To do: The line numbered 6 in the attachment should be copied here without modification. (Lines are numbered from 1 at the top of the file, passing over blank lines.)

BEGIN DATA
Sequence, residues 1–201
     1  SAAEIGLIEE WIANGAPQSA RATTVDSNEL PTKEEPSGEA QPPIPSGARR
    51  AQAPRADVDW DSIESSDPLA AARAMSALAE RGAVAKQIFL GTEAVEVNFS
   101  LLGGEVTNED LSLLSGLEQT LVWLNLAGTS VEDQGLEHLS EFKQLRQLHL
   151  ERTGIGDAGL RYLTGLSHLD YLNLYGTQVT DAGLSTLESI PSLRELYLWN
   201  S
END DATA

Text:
   201  S